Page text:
I’ve just spent a lot of time over the last four days troubleshooting an incredibly annoying issue with my main work laptop. The good news is that I’ve discovered the cause and a workaround, but what an incredible amount of hassle and timewasting!
Don’t get me wrong, Windows 8.1 is a great product. I’ve been really impressed with most of it and overall I find it a great improvement over Windows 7, particularly in terms of reliability. It's fast and the user experience is great. However, my particular experience has been tainted by two bugs which, in my opinion, are absolute shockers. At least the one this post's title refers to is unlikely to affect the vast majority of users.
If you install Hyper-V on this particular Windows 8.1 machine (Dell Precision M4800 mobile workstation), then remove it from the docking station, when you put it back into the dock, you’ll find it goes into Automatic Repair mode reporting a boot failure. I say “this particular machine” because I’ve not tested this configuration on anything else, it’s likely not an isolated case. Delving into the errors they were a combination of ntoskrnl and ntfs.sys errors, etc. basically suggesting that somehow it gets into a tangle where it has no access to the boot drive. This makes troubleshooting really difficult because most of the stuff never ends up in the event log, so you can’t even see the actual BSOD error. In most cases just shutting it down completely and then doing a cold reboot works. On a few occasions, it was necessary to boot into safe mode (which always worked) and then reboot to get back into Windows. Occasionally, it did it on the first boot after pulling it off the dock, too.
Not exactly confidence inspiring and it made me continually concerned that one day it would crash completely and I’d be stuck with a completely dead laptop. Murphy's Law says this catastrophic failure will happen when I'm out of Sydney (and without the tools to fix it), or just before a really important client meeting which requires me to run stuff off the laptop.
I really don’t like that I can’t explain what safe mode was doing in terms of the subsequent boot. I understand it won’t load most of the drivers and hence gets around the problem, but who knows was it changes by just going into safe mode that made it work? It wasn’t a coincidence, I probably did this more than 30 times testing it to find the issue.
This has been a really infuriating ongoing issue that makes me very suspicious of Hyper-V in Win 8. I will be opening a support case with Microsoft to see if they can shed any light on it, but I haven’t got my hopes up in light of past experience. For the moment I’ll have to live without Hyper-V on this machine – at least uninstalling it did a clean enough job to work around the boot issue.
It’s also got to have been the absolute most timewasting issue I’ve tried to troubleshoot with Windows. First the docking station was replaced at the suggestion of Dell, suspecting it was a hardware issue. Then I tried moving the OS onto a different solid state drive to rule that out. I also hacked around with the UEFI settings somewhat as it seemed to be a mess with duplicate entries, but still no-go. Finally I concluded it must be a software issue so I did a clean install of Windows 8 on another drive, and successfully tested un-docking and re-docking. At this point I thought it must be some weird corruption in my Windows install so I should do a fresh install on the SSD I wanted for the OS drive, and give up. Well, in the process of loading up the miscellaneous drivers and bits and pieces, I broke the new install. Great. So I went back to the fresh install on the other drive, and loaded up the drivers one by one to test it. Still, it wouldn’t break. Finally I did a folder compare of the C:\windows\system32\drivers folder and realised the working OS didn’t have Hyper-V installed. What do you know, as soon as it was installed I broke the test install.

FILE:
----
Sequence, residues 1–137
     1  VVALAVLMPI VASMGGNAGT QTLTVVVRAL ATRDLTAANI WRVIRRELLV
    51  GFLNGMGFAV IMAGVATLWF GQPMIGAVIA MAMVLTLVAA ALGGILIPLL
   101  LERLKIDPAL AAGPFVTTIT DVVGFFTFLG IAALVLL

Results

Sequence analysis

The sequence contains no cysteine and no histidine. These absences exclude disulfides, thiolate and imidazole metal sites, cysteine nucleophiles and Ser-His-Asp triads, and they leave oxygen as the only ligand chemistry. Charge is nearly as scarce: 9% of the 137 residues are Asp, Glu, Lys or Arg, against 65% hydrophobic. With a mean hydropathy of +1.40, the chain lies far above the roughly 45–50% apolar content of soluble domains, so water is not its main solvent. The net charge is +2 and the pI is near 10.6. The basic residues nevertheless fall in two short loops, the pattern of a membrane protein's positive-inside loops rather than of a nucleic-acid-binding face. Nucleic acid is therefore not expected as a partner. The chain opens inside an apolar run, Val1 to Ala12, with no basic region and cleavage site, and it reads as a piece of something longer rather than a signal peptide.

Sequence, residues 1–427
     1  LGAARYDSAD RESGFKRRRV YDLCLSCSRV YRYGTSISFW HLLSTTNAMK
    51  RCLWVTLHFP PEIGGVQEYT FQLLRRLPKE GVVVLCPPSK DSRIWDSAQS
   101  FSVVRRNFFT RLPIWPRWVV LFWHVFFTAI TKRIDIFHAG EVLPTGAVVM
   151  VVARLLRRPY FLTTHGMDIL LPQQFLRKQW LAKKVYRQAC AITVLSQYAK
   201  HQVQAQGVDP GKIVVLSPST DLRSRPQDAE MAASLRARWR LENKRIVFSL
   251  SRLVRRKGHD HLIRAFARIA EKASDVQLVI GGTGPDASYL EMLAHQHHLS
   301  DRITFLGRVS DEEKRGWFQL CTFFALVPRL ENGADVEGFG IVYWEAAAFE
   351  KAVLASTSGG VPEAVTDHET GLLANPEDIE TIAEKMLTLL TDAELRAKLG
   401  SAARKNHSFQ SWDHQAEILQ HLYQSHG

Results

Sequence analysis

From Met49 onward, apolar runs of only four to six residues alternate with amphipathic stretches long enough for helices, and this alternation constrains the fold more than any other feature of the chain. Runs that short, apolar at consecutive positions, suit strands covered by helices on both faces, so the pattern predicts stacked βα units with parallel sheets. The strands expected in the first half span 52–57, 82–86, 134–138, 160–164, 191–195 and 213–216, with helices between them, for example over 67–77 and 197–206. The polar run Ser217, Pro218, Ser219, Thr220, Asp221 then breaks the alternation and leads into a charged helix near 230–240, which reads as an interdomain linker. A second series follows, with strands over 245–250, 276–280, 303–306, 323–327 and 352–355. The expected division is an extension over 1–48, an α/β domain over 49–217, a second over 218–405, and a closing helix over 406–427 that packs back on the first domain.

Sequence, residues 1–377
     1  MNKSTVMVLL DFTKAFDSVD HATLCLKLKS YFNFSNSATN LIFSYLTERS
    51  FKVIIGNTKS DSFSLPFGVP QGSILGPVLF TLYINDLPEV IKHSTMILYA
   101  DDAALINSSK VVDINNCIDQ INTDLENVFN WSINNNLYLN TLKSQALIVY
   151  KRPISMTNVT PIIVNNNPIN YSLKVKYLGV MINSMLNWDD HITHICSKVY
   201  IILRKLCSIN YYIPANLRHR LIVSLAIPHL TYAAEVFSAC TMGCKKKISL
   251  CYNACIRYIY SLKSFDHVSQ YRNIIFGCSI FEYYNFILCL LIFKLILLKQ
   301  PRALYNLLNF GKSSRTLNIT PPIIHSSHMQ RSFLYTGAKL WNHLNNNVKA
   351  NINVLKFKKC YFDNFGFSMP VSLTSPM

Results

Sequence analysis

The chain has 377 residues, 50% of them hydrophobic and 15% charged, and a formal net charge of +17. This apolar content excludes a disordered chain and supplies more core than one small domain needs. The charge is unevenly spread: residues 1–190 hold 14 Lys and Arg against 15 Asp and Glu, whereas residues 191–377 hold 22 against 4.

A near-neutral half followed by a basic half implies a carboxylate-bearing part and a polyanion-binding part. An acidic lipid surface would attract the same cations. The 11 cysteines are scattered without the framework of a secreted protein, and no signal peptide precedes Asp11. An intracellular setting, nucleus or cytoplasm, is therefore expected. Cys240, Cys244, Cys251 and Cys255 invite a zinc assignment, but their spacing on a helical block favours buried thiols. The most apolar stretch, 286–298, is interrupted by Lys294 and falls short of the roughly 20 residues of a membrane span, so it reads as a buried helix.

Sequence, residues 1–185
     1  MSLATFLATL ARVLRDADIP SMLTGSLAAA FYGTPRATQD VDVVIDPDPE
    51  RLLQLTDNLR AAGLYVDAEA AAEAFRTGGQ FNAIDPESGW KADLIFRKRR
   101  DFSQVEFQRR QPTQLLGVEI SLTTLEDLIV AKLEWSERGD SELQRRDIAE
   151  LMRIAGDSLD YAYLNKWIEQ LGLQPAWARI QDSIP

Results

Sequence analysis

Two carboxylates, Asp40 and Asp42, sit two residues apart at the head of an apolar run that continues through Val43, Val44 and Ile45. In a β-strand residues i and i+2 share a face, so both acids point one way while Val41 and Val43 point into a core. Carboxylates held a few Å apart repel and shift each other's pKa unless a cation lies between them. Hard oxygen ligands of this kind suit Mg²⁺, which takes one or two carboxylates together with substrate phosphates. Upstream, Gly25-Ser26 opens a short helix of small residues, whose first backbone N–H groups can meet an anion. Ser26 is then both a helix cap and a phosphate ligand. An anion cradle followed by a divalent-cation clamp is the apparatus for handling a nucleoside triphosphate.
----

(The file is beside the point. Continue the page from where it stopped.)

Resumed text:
And the other bug? KB2919355. This has been widely documented as causing more than a few issues, and Microsoft actually re-released it. But they’ve failed to fix at least one issue. I’m yet to see a single instance of it installing successfully via Windows Update, and this is over probably 20 installs including about a dozen virtual machines, two laptops, an Intel NUC PC, and five different Intel servers with Server 2012 R2. It basically creates a reboot loop with Windows update endlessly trying to install it. 20 failures in a row, which I’ve seen, would have to hold the record. As it blocks you from receiving any future Windows updates, I hate to think how many unpatched Windows 8.1 systems are floating around. The fix is to download KB2919355 manually, then force Windows Update to check for updates again, which will let you install the rest of the updates.